Relying entirely on Chomskyisms gets nobody anywhere.
No thanks, laughter will do, it's the most appropriate response. Let me know when the "Great Terror of Obama" has been published, then we can get back to this.
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Old 29th March 2018, 08:49 AM   #96
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Originally Posted by caveman1917 View Post
No I provided Tauger's work as a collection of references to relevant primary sources. Your failure to derive a position yourself from the primary sources, and your apparent need to be spoon-fed interpretations of them by others, is yours and yours alone.
LOL. Are you suggesting you have studied Soviet archival material yourself? That you possess the necessary expertise to evaluate such material? What journal did you publish your revolutionary findings in? Can you list these primary sources and where you studied them?

Just admit you haven't read it.
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Old 29th March 2018, 08:59 AM   #97
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Originally Posted by TubbaBlubba View Post
LOL. Are you suggesting you have studied Soviet archival material yourself? That you possess the necessary expertise to evaluate such material? What journal did you publish your revolutionary findings in? Can you list these primary sources and where you studied them?

Just admit you haven't read it.
I read it just fine. How about you just admit you can not back up your claim of the CMA being the cause of the famine? Why was the percentage harvest loss consistent both within and outside the USSR (-50% USSR, Germany, Romania, ...) if the purported cause, the CMA, only happened in the USSR?
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Old 29th March 2018, 09:03 AM   #98
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Originally Posted by caveman1917 View Post
I read it just fine. How about you just admit you can not back up your claim of the CMA being the cause of the famine?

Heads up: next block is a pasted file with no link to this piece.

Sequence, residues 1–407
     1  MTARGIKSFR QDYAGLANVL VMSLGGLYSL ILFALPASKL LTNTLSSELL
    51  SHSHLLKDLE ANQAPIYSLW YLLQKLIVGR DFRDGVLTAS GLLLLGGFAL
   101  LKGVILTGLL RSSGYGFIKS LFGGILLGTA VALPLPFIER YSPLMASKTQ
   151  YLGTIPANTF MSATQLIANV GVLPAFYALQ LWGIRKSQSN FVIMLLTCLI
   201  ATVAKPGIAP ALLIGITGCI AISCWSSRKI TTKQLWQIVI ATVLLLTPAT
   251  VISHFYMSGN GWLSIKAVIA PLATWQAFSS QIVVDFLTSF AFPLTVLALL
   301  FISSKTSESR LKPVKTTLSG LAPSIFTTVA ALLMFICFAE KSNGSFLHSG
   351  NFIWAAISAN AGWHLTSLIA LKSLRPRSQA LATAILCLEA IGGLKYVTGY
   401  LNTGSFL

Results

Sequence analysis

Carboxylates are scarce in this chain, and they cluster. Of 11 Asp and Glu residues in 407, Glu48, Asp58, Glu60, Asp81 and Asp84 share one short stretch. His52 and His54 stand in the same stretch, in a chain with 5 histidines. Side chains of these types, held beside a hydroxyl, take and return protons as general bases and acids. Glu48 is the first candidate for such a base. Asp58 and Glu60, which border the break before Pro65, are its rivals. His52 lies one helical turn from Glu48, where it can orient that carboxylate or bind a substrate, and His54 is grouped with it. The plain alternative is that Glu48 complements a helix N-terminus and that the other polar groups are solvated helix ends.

You yourself have already backed up that claim with your reference to Tauger.

Meanwhile you would have me believe you yourself have studied his primary sources, none of which you are able to name. I think that's the most hilariously inept excuse for such an embarassingly failed gambit that I have ever heard.
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Old 29th March 2018, 09:09 AM   #99
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Originally Posted by TubbaBlubba View Post
You yourself have already backed up that claim with your reference to Tauger.
No, the musings of your anti-communist buddies do not constitute support. So either back it up or admit you can't. There are several questions open for your theory:

1. Why are the percentage harvest losses consistent both within and outside the USSR when the CMA only happened in the USSR?

2. Why did all the variables purported to be the cause of the famine get even worse in 1933 yet the 1933 harvest being the best of the period?

It's almost like the harvest failure can be fully explained by environmental causes, but some ideologues just have a need to drag the CMA into it.

Quote:
Meanwhile you would have me believe you yourself have studied his primary sources, none of which you are able to name. I think that's the most hilariously inept excuse for such an embarassingly failed gambit that I have ever heard.


If anything's hilariously inept it would be your failure to distinguish between what the primary sources state (as given per Tauger, but also others) and the musings of Tauger and others based on those sources.

ETA: And Tauger himself (as are Davies and Wheatcroft, and others) makes a clear distinction in his works between what the sources state and the theories that he comes up with based on them. If we trust Tauger to accurately represent what the primary sources state then we don't even need to go digging in the Soviet archives, we can just take his word for it.